Energy efficient transportation is also a powerful resource in combating the harmful effects of vehicle pollution. It reduces the outsized impact of poor air quality on low-income communities and communities of color. To counteract the historic inequities in transportation infrastructure, everyone must be included in the decision-making process to find ways for the energy and transportation sectors to create more affordable and accessible mobility options. Through education, collaboration, and promoting a diverse array of perspectives we can create wide-reaching policy that benefits all people who live in the Southeast.
Energy has become a necessary requirement of our modern lives. The fear of being without energy services keeps many people up at night, whether it is families struggling to keep the heat on or braving the hot summer without air conditioning to cover food and medication costs. This fear was a reality of my childhood. It drives me to eliminate that worry for future generations and ensure that all residents in the Southeast live, work, and play in healthy, affordable, resilient buildings.
We are fortunate to be entering an unprecedented time to improve our infrastructure through strategic investments in energy efficient housing and transportation, expanding manufacturing, and creating a more diverse workforce. This investment marks a new era in American history, an opportunity to build systems that provide more wealth, better health, and stronger communities for all of us. Here in the Southeast, we have the greatest opportunity for growth and expansion in the country. I am personally inspired and eager to embark on this journey with the team at SEEA. Their passion, commitment to SEEA’s mission, and deep well of knowledge energizes me and gives me the determination to seek out new partners, better solutions, and a more prosperous South for all.
Going beyond recovery with the American Jobs Plan
For patients recovering from a major illness or trauma, doctors stress the importance of improving social wellness as a part of recovery. They prescribe getting back on your feet as the first step, but note that staying healthy requires a long-term investment in one’s physical, mental, and social health. In the American Job Plan, the Biden administration expands the definition of infrastructure beyond roads and bridges to include basic services, public institutions, and community resources. These shared assets bring people together, enabling them to meet their own needs and provide support to others. The plan marks a sea-change in public policy-making, explicitly calling for investments that support better physical, mental, and social health across our society. This reflects a fundamental shift in our cultural understanding of infrastructure and makes the case for social wellness as a prescriptive path to move America beyond recovery and back on its feet.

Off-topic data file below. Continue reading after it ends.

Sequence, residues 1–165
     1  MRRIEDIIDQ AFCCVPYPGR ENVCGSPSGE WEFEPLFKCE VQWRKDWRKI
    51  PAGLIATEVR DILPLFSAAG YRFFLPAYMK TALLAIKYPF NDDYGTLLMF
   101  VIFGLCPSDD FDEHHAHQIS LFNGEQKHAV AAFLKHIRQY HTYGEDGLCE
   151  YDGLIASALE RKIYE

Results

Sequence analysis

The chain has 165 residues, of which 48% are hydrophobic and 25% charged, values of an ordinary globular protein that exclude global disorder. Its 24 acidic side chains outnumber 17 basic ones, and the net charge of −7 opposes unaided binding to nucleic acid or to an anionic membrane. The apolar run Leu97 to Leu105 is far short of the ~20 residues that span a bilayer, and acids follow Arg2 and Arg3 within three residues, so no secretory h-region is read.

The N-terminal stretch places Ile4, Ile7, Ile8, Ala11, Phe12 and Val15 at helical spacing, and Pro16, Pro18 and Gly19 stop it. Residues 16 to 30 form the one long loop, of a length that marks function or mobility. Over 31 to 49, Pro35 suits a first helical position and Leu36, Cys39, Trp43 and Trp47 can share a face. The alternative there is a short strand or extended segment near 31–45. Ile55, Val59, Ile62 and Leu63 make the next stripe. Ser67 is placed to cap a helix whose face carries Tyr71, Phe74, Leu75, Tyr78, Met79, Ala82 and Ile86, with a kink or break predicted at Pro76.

In 2009, the Obama administration responded to the Great Recession with the American Reinvestment and Recovery Act (Recovery Act). From 2009 to 2015, SEEA served as an Energy Efficiency and Conservation Block Grant (EECBG) administrator for the Recovery Act, coordinating 16 municipal governments and more than $20 million in grant funds across the Southeast. These local partners deployed a variety of programs providing public education and outreach, residential and commercial audits and retrofits, and a range of financing mechanisms for energy efficiency. In stewarding this cohort, SEEA witnessed the transformative effect that national infrastructure initiatives can have on the Southeast. The experience also gave us insight into how and why these efforts can fall short of addressing the most pervasive and systemic problems.
In economic terms the Recovery Act was a success. It reversed the financial crisis, created tens of thousands of jobs, and rescued the U.S. economy from a second Great Depression. The Southeast saw a 387% ROI on DOE’s $20 million investment in energy efficiency alone. Despite these gains, the impact of the Recovery Act was ultimately stunted by a civic and social infrastructure that was unable to fully leverage the funding due to decades of under-investment. The gush of capital overwhelmed understaffed state energy agencies, makeshift city sustainability offices, and weatherization services operating on shoestring budgets and volunteer labor. In many ways, the Recovery Act revealed the limitations of the Southeast’s ability to marshal resources, make plans, and tackle complex problems. This strategic vulnerability in public management capacity was further illustrated by the COVID pandemic.
The Recovery Act relied on large block grants and a competitive proposal process that left states and local government to figure out where and how to invest funds. While this supported innovation and experimentation, it also missed an opportunity to make long-term infrastructure investments and institute reforms to housing policy, health services, and other foundational areas. Failing to close these gaps meant that low-income communities and communities of color remained largely unable to fully participate in the Recovery Act or realize its benefits, let alone overcome systemic inequities in economic opportunity. In contrast, The American Jobs Plan expressly recognizes the nexus between social wellness and economic growth and makes addressing existing inequities a core component in infrastructure planning.